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Magda Tagliaferro’s parents were French, of Alsatian and Bavarian stock. Her father, who had studied piano with Raoul Pugno, was a professor of singing and piano at São Paulo Conservatory, and he was young Magda’a first teacher. Tagliaferro played in public for the first time at the age of nine, and was heard by cellist Pablo Casals who encouraged her to continue her studies in France.

Tagliaferro enrolled at the Paris Conservatoire where she joined the class of Antoine Marmontel, receiving a premier prix eight months later at the age of fourteen. Camille Saint-Saëns presented the award, and Isaac Albéniz, who was also on the jury, wrote of her as an ‘…exceptionally gifted, remarkable technician, already an artist and one with an enviable future’. However, after winning this prize and making her adult debut at the Salle Érard in Paris, Tagliaferro became one of the first students of Alfred Cortot ‘for the rest of her days’. He was the most important pianistic influence on Tagliaferro and she became part of his circle, often playing with violinist Jacques Thibaud and cellist Pablo Casals, as well as with the Capet Quartet.

Having begun her concert career in 1908 at the age of fifteen with the aforementioned recital at the Salle Érard in Paris, not long afterwards Tagliaferro was selected by Fauré to tour with him, performing his works. She also performed with Edouard Risler in the early 1920s and regarded him as another teacher. During the 1920s and 1930s Tagliaferro championed the music of French composers whom she knew personally, including Vincent d’Indy, Maurice Ravel, Francis Poulenc and Gabriel Fauré. One of her closest associations was with composer Reynaldo Hahn, and she gave première performances of many of his works including his Piano Concerto in 1930. A year earlier her compatriot Heitor Villa-Lobos dedicated his Momoprecoce for piano and orchestra to her. Tagliaferro performed with many great conductors including Wilhelm Furtwängler, Ernest Ansermet, Charles Munch, Pierre Monteux, Felix Weingartner and Paul Paray.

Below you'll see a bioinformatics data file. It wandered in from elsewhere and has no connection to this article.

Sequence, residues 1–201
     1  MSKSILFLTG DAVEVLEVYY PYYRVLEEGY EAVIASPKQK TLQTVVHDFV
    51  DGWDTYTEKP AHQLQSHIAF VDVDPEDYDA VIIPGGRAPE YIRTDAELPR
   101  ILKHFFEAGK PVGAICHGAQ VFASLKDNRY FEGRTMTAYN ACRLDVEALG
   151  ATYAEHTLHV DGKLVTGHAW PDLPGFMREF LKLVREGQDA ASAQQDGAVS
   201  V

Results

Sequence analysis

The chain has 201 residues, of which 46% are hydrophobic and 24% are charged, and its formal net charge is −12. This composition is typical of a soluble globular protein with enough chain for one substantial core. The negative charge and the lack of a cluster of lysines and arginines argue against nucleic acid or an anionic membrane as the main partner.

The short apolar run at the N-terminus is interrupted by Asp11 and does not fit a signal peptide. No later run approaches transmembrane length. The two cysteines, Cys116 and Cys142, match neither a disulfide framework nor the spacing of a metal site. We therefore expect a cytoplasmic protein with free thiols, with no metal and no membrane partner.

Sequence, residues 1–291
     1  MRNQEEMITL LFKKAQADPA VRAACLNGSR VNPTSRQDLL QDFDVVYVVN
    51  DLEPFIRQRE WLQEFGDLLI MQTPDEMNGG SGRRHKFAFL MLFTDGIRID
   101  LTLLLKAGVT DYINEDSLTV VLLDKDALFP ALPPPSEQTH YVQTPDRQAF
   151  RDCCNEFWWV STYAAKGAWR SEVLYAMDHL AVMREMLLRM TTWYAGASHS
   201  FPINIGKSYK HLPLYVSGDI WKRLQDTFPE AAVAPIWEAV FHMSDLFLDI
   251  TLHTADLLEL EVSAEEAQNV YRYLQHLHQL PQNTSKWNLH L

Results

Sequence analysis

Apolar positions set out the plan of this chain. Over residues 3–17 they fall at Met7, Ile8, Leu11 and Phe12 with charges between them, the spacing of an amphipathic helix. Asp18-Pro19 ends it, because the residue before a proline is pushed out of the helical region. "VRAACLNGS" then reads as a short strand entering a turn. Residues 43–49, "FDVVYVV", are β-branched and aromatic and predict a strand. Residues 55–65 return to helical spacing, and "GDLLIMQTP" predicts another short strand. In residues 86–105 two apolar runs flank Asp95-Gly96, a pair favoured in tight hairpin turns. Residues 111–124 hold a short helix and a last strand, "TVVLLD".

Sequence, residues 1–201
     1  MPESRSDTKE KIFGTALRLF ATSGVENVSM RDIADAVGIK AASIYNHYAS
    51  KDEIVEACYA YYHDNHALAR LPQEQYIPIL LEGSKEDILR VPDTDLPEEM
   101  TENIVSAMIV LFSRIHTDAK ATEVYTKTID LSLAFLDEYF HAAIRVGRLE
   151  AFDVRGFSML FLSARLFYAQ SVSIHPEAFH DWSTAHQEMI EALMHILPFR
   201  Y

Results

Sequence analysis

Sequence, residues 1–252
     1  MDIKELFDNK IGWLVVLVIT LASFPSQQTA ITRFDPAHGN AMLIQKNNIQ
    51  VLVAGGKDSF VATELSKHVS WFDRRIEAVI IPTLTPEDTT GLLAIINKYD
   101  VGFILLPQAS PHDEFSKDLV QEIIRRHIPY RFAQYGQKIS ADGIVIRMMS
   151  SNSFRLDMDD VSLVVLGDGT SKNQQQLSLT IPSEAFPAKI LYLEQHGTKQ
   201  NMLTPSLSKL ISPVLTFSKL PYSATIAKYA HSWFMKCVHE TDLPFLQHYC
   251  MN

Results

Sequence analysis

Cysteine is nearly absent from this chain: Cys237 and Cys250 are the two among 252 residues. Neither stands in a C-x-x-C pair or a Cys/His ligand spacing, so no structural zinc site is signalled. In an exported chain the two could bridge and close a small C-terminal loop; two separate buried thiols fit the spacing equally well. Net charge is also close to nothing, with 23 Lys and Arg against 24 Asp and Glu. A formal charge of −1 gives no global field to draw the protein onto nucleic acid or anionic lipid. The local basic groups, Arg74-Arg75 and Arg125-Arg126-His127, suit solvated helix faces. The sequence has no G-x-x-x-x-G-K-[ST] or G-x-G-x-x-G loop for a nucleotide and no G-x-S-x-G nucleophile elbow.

In the years preceding World War II Tagliaferro taught at the Paris Conservatoire, but at the outbreak of the war was sent by the French government to New York on a mission of propaganda to promote French music abroad. She gave her debut at Carnegie Hall and continued on to Brazil, remaining there for nine years and founding schools in Rio de Janeiro and São Paulo. After returning to Paris from Brazil in 1949, Tagliaferro divided her time between the two cities. At a music school she opened in Paris in 1956, Tagliaferro would give master-classes for more than thirty years, and at this time she founded a competition bearing her name. She was also active on many juries of piano competitions, and between 1937 and 1965 served on the jury of the International Chopin Competition in Warsaw, being vice-president of the jury in 1955. In 1979 Tagliaferro published a volume of memoirs entitled Quase Tudo, which is still awaiting a translation into English. Tagliaferro loved to perform and teach, and at the age of eighty-six, she returned to New York and gave a recital that included Schumann’s Carnaval Op. 9. New York Times critic Harold Schonberg wrote, ‘Not since the days of Rachmaninov and Friedman has this listener encountered such a basic understanding of, and feeling for, the composer’s mercurial moods. Everything made musical sense. But more to the point was the colour that Miss Tagliaferro employed: the weighting of chords, the introduction of inner voices when the sections were repeated, the solid bass underpinning in which key harmonies were reinforced… In its improvisatory quality, its infallible rhythm and perfect pacings, it was the essence of Schumann.’ At the age of ninety Tagliaferro was giving concerts in London, Paris and New York, and even in the year of her death when she was ninety-three she was still performing.

A strikingly beautiful woman with fire-red hair, Tagliaferro brought to her interpretations a vitality and excitement that is rare in pianists. Her repertoire was wide, but she was at her best in the music of Schumann and that of French and Spanish composers. As early as 1913 she was playing Goyescas, which composer Enrique Granados had introduced to Paris only two years before, and Manuel de Falla made an arrangement for piano of a dance from his La vida breve for her.